The marketing department used to be the mouth of an organization – developing content and communicating messages to help sales. I remember my beginnings on the ground and my role was creating cut sheets, creating presentation decks, planning events, and helping to support promotional and awareness goals. Now the role of marketing has fundamentally evolved, changed and grown.
At Sprout Social, marketing is not just about supporting sales teams, it’s also about empowering sales. Marketing is the linchpin of sales and our overall business strategy. However, as the digital transformation increases, more marketing directors will find that their departments are not only responsible for customer acquisition, but also influence customer loyalty and growth, customer service and product development.
We know that our buyers want to get involved digitally and that they increasingly prefer an end-to-end digital customer experience – only the marketing team can deliver this on a large scale. For 55% of consumers, this experience starts on social media.
With the power of social media, marketing teams are now the eyes, ears, and heart of an organization. As we look to the future of marketing it will depend on our ability to understand, use, and in many ways start with the social.
Marketing strategies should start with social
In order to serve our customers better, we have to listen to them.
Social media teams are at the forefront, targeting our audiences and customers on a regular basis. The insights gained should influence our campaigns, our content and our marketing plans as a whole. Social can’t be the team we go to after a campaign is created and say, “Here, post this.”
When we work proactively with social networks, we can test new ideas, creative resources and campaigns and use the results to become more strategic marketers.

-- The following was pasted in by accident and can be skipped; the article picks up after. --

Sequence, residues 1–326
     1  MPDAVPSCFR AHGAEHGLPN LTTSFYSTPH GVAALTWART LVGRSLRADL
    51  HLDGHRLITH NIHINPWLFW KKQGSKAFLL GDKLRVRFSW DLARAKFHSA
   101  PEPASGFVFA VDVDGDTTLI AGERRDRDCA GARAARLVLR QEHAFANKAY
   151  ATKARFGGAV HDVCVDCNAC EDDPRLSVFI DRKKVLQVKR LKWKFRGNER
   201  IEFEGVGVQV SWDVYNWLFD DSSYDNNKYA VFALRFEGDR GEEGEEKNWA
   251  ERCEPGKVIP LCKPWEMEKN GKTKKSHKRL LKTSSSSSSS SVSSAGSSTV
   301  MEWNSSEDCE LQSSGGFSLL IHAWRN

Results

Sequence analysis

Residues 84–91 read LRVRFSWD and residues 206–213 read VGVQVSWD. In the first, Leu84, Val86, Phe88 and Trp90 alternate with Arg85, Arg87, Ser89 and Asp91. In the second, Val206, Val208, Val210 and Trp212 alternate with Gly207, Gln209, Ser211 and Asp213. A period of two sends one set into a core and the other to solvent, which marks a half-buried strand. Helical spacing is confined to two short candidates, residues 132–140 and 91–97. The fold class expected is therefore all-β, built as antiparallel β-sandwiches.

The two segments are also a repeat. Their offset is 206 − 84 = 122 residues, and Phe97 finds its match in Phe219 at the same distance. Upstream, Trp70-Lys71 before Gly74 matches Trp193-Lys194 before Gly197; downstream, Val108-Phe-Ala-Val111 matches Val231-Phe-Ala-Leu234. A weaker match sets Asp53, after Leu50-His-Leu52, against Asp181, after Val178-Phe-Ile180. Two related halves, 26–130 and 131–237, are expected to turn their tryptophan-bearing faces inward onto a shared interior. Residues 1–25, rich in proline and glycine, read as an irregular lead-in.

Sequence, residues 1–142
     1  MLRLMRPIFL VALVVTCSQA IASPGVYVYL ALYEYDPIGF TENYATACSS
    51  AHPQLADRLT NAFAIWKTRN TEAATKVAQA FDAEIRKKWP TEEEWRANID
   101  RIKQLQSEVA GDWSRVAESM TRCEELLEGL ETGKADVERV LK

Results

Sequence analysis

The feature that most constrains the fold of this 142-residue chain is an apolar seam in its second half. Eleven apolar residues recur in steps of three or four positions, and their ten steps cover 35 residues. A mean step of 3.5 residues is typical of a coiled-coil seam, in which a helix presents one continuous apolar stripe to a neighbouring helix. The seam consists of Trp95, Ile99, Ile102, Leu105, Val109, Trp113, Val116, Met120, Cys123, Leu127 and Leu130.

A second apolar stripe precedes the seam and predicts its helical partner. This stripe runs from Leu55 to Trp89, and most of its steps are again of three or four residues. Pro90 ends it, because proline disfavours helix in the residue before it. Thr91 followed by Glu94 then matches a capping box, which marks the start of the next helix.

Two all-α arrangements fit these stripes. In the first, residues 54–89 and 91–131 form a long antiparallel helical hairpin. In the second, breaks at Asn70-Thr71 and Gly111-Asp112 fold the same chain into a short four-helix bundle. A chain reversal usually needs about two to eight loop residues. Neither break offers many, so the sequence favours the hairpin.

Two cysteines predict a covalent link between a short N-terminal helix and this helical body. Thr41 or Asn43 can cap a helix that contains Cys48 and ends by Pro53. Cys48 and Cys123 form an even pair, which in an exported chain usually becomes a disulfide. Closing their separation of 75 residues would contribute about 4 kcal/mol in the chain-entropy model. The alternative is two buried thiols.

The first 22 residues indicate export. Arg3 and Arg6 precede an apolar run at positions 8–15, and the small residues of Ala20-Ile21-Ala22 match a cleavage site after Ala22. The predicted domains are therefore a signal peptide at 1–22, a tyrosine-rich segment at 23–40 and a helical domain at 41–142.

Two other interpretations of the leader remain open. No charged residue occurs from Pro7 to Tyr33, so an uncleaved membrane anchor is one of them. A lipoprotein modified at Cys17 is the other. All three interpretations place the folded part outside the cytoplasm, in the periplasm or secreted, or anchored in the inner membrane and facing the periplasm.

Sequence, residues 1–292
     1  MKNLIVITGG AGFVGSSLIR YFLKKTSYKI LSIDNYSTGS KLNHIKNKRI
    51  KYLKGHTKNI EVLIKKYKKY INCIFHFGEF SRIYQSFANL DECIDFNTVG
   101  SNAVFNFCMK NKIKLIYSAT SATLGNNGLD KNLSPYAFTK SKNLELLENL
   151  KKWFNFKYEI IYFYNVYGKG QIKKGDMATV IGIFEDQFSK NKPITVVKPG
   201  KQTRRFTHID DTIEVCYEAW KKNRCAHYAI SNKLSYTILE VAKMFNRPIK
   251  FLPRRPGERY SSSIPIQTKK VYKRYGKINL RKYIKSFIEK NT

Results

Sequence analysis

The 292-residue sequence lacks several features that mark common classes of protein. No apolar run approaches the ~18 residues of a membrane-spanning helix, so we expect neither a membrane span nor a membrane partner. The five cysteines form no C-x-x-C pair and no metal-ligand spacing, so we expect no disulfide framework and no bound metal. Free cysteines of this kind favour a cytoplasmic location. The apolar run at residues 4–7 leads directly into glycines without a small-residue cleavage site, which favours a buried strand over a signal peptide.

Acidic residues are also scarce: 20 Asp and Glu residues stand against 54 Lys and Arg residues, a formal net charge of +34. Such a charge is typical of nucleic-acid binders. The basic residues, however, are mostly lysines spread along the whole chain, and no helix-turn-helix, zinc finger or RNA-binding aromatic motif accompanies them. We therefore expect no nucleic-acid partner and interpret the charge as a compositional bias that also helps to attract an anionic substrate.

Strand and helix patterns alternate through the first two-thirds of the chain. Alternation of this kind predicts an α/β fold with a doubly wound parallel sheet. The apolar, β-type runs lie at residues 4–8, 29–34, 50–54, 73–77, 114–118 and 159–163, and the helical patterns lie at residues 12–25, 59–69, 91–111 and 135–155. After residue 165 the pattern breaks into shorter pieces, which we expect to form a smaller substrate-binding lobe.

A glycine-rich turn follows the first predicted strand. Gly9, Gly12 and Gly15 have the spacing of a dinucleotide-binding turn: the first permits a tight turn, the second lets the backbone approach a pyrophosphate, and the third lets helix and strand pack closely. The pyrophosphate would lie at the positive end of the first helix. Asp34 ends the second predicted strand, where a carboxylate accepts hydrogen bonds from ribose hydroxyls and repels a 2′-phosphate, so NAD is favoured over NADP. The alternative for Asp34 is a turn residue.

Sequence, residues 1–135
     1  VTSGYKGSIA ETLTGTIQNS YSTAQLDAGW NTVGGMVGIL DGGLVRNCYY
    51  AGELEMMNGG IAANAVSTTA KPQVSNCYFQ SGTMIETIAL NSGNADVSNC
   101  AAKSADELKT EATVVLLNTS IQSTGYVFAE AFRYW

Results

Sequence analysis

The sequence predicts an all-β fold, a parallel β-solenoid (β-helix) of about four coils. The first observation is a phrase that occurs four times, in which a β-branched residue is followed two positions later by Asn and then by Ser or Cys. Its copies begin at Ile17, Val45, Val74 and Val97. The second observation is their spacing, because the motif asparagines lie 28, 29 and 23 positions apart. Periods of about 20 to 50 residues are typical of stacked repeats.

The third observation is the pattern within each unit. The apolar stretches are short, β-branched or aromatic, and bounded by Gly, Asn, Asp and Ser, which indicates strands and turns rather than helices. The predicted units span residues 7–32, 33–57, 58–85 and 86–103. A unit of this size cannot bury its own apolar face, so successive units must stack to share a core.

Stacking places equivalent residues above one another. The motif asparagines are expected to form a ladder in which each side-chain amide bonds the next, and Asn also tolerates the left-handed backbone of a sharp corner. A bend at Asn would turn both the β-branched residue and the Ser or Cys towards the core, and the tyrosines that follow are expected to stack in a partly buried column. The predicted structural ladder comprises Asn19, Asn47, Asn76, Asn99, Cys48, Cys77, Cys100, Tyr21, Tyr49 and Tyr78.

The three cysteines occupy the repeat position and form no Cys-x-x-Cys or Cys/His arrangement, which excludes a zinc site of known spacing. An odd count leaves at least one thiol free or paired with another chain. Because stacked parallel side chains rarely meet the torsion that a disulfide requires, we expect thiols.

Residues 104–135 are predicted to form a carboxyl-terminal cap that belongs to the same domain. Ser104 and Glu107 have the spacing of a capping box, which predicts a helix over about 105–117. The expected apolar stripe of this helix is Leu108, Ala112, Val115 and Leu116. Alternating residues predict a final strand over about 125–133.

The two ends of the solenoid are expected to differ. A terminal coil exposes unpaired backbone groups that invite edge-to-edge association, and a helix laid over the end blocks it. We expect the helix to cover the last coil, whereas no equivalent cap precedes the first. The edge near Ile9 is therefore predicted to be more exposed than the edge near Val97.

We can’t limit ourselves to just listening to what our audience is saying about our brand. We also need to listen to what they are saying about their own lives and experiences outside of the brand. It is also important now to read the room, keep an eye on the culture in general, focus on customer values while reflecting on our own values.
The COVID-19 pandemic has proven the value social media can deliver, even if your strategy is on hold. When the pandemic broke out in March 2020, our team decided to pause all of our social content so we can reevaluate it. We immediately looked at social listening data to answer questions such as, “How can we most effectively serve our customers at a time of this uncertainty? What do you need from a product point of view? What are the necessary steps we must take to manage this incredibly difficult change? “
The social data we found changed everything. We ditched most of the campaigns we planned to prioritize more educational, supportive content. We hosted a digital event where we knew our customers needed community and a network of support. We offered our customers a free COVID-19 listening theme so they could benefit from the same data we used to control our pivot points.
By leveraging social media to pause, listen, and connect with our audiences on a deeper level, we have been able to expand our influence and support our key business goals amid global turmoil. However, it shouldn’t require a pandemic to use these insights in our campaigns. It should still last. It should start with social.
Customer experience is more than a catchphrase